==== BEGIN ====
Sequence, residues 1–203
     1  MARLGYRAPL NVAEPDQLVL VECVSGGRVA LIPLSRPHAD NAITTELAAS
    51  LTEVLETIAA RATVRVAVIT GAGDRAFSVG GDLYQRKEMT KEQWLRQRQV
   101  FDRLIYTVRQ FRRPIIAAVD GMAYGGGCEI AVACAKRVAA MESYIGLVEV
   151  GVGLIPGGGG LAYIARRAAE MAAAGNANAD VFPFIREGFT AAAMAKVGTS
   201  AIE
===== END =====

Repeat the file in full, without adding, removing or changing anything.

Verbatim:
Sequence, residues 1–203
     1  MARLGYRAPL NVAEPDQLVL VECVSGGRVA LIPLSRPHAD NAITTELAAS
    51  LTEVLETIAA RATVRVAVIT GAGDRAFSVG GDLYQRKEMT KEQWLRQRQV
   101  FDRLIYTVRQ FRRPIIAAVD GMAYGGGCEI AVACAKRVAA MESYIGLVEV
   151  GVGLIPGGGG LAYIARRAAE MAAAGNANAD VFPFIREGFT AAAMAKVGTS
   201  AIE